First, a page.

Being physically active is important with individuals with dementia. Exervice is beneficial for physical and mental health, improves quality of life and maintains well-being. Additionally, engaging in physical activities can also improve self-esteem and mood and encourages social engagement.

Before embarking on any exercise program, however, talk to the individual's physician for confirmation that he or she can safely engage in physical activity. Some conditions, such as bone and joint problems, heart problems, high blood pressure, and/or breathing and balance issues, may hinder exercise.

Once the physician approves, start out slowly and design an exercise program that is easy to follow and manage and one that can be done routinely at the same time every day. There are several web-based programs, "Sit and Be Fit" DVDs or YouTube videos, seniorexercises.com, just to name a few. Any program you choose should include appropriate elements of aerobic exercise, resistance training and flexibility and balance exercises. Walking is an excellent form of physical activity.

Here is a simple exercise routine that might be beneficial to you. In the beginning, sit facing each other as you do the exercises together. Don't overdo; start with three or four basic exercises, repeated about 8-10 times. Then you can broaden the program. Playing music as you exercise can make it more enjoyable. Be mindful of breathing in and out between each repetition during the exercises.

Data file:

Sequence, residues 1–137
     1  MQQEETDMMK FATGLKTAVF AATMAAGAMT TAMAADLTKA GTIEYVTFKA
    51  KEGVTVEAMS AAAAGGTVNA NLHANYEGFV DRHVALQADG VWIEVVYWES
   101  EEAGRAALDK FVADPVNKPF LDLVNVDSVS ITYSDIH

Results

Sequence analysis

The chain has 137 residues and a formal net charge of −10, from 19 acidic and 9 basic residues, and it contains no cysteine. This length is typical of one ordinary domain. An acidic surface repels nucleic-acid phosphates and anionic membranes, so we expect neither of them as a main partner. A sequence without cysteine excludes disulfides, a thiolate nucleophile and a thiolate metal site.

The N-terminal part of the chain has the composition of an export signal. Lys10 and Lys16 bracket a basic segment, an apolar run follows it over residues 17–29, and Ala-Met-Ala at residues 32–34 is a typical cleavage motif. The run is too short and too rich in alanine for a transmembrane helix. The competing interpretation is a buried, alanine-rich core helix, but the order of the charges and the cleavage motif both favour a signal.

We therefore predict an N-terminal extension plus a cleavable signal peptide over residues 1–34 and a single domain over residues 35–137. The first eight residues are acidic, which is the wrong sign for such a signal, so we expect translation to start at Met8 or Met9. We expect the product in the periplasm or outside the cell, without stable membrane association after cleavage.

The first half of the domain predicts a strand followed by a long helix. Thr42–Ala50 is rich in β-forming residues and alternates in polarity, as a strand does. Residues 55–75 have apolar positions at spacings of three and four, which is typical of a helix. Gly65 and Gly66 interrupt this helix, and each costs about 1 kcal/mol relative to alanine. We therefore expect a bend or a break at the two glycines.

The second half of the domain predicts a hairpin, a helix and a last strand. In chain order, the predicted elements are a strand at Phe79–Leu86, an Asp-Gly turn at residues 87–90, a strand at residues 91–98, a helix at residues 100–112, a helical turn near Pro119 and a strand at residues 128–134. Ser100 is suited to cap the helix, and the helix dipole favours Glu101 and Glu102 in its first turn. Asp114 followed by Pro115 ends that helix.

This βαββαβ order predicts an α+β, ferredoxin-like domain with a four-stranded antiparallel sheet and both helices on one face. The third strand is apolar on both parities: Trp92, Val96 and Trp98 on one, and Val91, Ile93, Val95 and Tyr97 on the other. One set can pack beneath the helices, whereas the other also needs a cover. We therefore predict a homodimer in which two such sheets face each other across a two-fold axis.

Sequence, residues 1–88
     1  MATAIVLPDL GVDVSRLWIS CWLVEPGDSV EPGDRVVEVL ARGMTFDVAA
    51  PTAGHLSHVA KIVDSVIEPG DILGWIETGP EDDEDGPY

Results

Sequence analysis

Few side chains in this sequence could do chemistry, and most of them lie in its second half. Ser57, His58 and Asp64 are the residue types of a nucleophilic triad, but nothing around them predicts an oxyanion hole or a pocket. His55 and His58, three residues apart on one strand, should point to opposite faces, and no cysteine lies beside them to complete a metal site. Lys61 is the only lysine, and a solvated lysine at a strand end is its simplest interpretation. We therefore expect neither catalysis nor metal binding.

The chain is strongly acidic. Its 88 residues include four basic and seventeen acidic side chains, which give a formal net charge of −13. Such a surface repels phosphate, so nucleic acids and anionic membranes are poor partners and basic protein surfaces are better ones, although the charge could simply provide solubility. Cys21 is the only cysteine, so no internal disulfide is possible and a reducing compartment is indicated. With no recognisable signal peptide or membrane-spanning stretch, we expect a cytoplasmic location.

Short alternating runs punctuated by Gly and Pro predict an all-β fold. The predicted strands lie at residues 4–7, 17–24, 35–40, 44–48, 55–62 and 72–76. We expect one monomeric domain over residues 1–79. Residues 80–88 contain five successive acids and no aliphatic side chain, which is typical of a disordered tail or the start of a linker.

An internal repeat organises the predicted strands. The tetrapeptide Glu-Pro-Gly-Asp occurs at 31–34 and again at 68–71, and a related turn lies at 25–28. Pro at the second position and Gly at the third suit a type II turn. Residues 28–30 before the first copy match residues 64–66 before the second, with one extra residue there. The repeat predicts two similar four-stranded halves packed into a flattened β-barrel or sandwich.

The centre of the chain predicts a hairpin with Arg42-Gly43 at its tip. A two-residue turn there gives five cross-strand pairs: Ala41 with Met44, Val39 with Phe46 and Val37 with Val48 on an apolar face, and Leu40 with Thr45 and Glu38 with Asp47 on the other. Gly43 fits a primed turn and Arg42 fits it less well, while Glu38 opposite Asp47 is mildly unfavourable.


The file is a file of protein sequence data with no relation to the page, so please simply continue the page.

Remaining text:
• Spread arms out, breathe, spread arms down, breathe.
  • Shoulder lifts — lift each shoulder up and down.
  • Head rolling — turn head forward, left, right and back.
  • In a sitting position, stretch legs in and out, one at a time, then both.
  • Cross legs, rotate foot to the left, then to the right.
  • Turn wrists of each hand in a circle, bend fingers, rub and press hands.
  • Finish: Take a deep breath in, then a long and slow breath out. Take a deep breath in, then a quick and forceful breath out.

An exercise routine incorporated into your lifestyle is more likely to be maintained as the disease progresses, extending the benefits to health and well-being for as long as possible.

If the person experiences any pain or distress during the physical activity, you should stop immediately and make an appointment to be checked by a physician.